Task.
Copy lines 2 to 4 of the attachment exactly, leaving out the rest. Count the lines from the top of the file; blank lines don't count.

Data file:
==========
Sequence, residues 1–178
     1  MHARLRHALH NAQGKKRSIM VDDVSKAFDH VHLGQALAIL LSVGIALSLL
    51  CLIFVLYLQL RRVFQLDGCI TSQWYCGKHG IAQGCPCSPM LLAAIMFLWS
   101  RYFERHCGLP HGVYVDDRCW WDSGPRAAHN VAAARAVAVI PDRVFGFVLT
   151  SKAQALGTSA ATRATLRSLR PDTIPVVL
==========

     1  MHARLRHALH NAQGKKRSIM VDDVSKAFDH VHLGQALAIL LSVGIALSLL
    51  CLIFVLYLQL RRVFQLDGCI TSQWYCGKHG IAQGCPCSPM LLAAIMFLWS
   101  RYFERHCGLP HGVYVDDRCW WDSGPRAAHN VAAARAVAVI PDRVFGFVLT